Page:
'Whose choice, whose rights? Global-historical and intersectional approaches to the emergence of reproductive rights after 1945'

Published: 11 April 2022

9 and 10 June 2022


DAY 1 – 9 June

8.45-9.15: Registration and Welcome

9.15-10.45: PANEL 1

Contraception and family planning services (mixed remote/campus panel)

Aprajita Sarcar, Centre de Sciences Humaines New Delhi : ‘The mythical family within a triangle: How a family planning campaign created South Asian mass communication channels as we know them today’

Cécile Thomé, National Institute for Demographic Studies France & EHESS: ‘The changing role of sexuality in the emergence and evolution of reproductive rights in France (1960s-2010s)’

Ivana Dobrivojevic Tomic, Institute of Contemporary History Belgrade: ‘Reproductive Behaviour and Family Planning in Socialist Yugoslavia (1945 – 1991)’

Samantha Kohl Grey, University of Queensland: ‘Potent Males and Patent Females: Sterility investigations, male infertility, and assistive reproductive technology in Australia’

11.00-12.15: PANEL 2

Reproductive rights at the UN and the role of NGOs (mixed remote/campus panel)

Nicole Bourbonnais, Graduate Institute of International and Development Studies Geneva: ’Feminists in the System: Reproductive Rights Activism from the Inside Out’

Chiara Bonfiglioli, University College Cork: ‘”Updating Malthus’ population theory is out of the question today”: Nevenka Petrić, IPPF-Europe, and the Yugoslav Council for Family Planning’

Ayodele Mathew Oluwaseun, University of Ibadan & University of Leipzig: ‘Reassessing Non-governmental Organisations Advocacy for Reproductive Health and Rights in Southwestern Nigeria, 1980 – 2000’

12.30-1.00: Graphic novel presentation by project artist Catherine MacRobbie

1.00-2.00: LUNCH

2.00-3.30: PANEL 3

Feminism and women’s health movements (mixed remote/campus panel)

Isabel Heinemann, Münster University: ‘Women’s Reproductive Rights across the Iron Curtain? Health Feminism in the two German States, 1970s-90s’

Anna Vittinghoff, University of Edinburgh: ‘Reproductive politics in post-war Japan: How feminists and disability activists challenged eugenics and changed the discourse on reproduction, 1970s-90s’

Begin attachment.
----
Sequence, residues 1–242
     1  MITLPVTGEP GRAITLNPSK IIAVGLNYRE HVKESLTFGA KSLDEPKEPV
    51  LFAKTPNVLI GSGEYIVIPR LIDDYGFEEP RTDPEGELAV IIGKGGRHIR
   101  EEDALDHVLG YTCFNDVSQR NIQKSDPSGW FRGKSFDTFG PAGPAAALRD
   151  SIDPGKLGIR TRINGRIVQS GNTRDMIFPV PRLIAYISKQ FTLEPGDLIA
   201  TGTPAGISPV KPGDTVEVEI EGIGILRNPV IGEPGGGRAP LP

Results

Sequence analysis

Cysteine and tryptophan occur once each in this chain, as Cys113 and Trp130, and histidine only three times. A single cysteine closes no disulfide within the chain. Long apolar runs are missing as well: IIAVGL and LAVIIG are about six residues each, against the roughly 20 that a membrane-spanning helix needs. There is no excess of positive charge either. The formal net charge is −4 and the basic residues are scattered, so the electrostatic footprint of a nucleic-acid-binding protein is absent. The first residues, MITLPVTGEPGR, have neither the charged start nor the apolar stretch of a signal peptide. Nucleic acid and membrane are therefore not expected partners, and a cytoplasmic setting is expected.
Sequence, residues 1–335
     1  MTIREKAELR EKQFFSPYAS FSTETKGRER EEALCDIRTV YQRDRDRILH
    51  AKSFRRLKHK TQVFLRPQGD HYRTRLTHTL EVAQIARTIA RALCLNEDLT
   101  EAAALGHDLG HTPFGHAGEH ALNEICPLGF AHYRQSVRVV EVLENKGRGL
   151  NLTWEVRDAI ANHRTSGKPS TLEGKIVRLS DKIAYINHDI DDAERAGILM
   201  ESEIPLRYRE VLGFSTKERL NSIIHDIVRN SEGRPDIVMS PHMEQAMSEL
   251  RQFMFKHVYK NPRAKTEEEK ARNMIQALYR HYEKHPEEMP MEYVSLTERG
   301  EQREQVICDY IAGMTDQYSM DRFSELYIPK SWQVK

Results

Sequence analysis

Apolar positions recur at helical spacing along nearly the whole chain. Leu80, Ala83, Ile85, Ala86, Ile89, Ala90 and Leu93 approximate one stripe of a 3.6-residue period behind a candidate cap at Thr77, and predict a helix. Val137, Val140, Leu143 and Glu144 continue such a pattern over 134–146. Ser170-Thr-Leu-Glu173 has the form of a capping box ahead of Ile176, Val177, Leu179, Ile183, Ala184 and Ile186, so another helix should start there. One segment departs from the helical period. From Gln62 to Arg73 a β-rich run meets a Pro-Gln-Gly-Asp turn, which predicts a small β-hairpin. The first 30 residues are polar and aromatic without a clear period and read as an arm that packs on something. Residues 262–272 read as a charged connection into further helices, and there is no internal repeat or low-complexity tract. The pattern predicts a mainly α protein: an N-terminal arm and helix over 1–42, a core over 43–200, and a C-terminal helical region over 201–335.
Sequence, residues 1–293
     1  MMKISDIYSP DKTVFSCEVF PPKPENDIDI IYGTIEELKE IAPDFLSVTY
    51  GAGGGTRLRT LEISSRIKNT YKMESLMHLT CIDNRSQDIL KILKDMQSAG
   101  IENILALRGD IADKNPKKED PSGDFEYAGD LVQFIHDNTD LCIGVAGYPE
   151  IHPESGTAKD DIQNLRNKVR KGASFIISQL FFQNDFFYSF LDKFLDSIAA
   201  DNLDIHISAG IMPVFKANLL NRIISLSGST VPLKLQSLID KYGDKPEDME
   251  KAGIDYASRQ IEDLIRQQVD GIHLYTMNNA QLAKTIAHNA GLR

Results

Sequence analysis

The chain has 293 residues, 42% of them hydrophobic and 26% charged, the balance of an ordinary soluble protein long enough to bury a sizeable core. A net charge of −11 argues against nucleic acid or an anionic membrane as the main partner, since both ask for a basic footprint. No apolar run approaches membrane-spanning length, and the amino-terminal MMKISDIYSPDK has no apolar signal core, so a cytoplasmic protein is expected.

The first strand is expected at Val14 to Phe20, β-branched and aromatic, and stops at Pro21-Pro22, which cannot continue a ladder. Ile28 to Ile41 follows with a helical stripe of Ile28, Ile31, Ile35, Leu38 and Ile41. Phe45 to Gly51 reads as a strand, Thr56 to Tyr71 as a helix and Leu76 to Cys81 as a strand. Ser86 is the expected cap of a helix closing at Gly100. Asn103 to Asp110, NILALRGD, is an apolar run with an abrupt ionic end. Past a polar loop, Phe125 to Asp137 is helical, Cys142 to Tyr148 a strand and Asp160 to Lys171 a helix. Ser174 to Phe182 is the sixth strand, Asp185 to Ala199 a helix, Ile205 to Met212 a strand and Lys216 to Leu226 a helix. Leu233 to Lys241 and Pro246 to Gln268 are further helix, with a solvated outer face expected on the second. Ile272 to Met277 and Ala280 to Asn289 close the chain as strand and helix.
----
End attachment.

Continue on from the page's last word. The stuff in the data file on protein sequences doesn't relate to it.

Whitney Wood, Vancouver Island University: ‘Settler-Colonialism and Choice in Childbirth, 1970-90’

Hannah Yoken, University of Glasgow: ‘The Transnational Circulation of Feminist Reproductive Knowledge among Grassroots Activists: The Nordic New Women’s Movements of the 1970s–80s’

3.45-5.00: PANEL 4

Reproductive justice in comparative-historical perspective (mixed remote/campus panel)

Christabelle Sethna, University of Ottawa: ‘Romancing the Foetus: Foetal Rights and Reproductive Rights in Canada, 1967-1969’

Yuliya Hilevych, University of Groningen: ‘Infertility awareness in post-war Britain and Ukraine’

Cara Delay, College of Charleston: ‘”A Monster in God’s Eyes”: Narratives of contraception and abortion in Ireland, 1980-2018’

7.00: Dinner for network members

DAY 2 – 10 June

9.00-10.30: PANEL 5

The power in our hands: Abortion practices and knowledge in Cold War Europe (remote panel)

Azzura Tafuro Université Libre de Bruxelles: ‘With Karman, against Karman: The Italian trip of Harvey Karman between science and political contestation’

Agata Ignacuik, University of Granada, ‘Counter-technologies of care: Vacuum aspiration in Poland (1960s-80s)’

Bibia Pavard, Paris Panthéon-Assas, ‘The “Karman method” between China and California: realities and imaginaries of the vacuum abortion method in 1970s France’

Maria Mundi, University of Granada, ‘The science of the “Karman method” in Spain’

10.45-12: KEYNOTE TALK: Catherine Burns, University of Witwatersrand, ‘ “Without fear, without pain":  Contesting control over contraception, pregnancy and birth from South Africa to the world’

12.00-1.00: Lunch

1.00-2.30: PANEL 6

Medical practitioners, science and technology (mixed remote/campus panel)

Atina Krajewska, University of Birmingham: ‘Reproductive Rights in Transitional Societies: The Role of the Medical Profession in Developing Abortion Law in Socialist Poland’

Marta Liliana Espinosa, Duke University: ‘Uncovering the history of contraceptive trials and the creation of the birth control pill in Mexico, 1950s-60s’

Kalindy Bolivar, Facultad Latinoamericana de Ciencias Sociales Ecuador: ‘Discourses and biomedical practices about maternity and childbirth in the city of Quito, 1950-1973’

Amanuel Isak Tewolde, University of Johannesburg, ‘Abortion and women’s rights in Eritrea: state and medical responses, 1970s to the present’

2.45-4.15: PANEL 7

Religion, activism and reproductive rights (mixed remote/campus panel)

Natalia Pomian, University of Warsaw: ‘“It has this ethical approach and it’s consistent with the Church teachings”: Catholicism and infertility treatment in Poland’

Roseanna Webster, European University Institute: ‘From the Vatican to London: Reproductive Justice in Spain from the 1950s to 1980s’

Natalie Gasparowicz, Duke University: ‘“Paternidad Responsable” in Mexico and Latin America: Catholics, Birth Control, and Pope John Paul II’

Anna Sidorevich, Sciences Po Paris: ‘“Inhumane torture” and “barbaric operation”: abortion in Leningrad feminists’ samizdat and tamizdat publications (1979-1982)’

4.30-6.00: Closing discussion and reception for all attendants

First published: 11 April 2022

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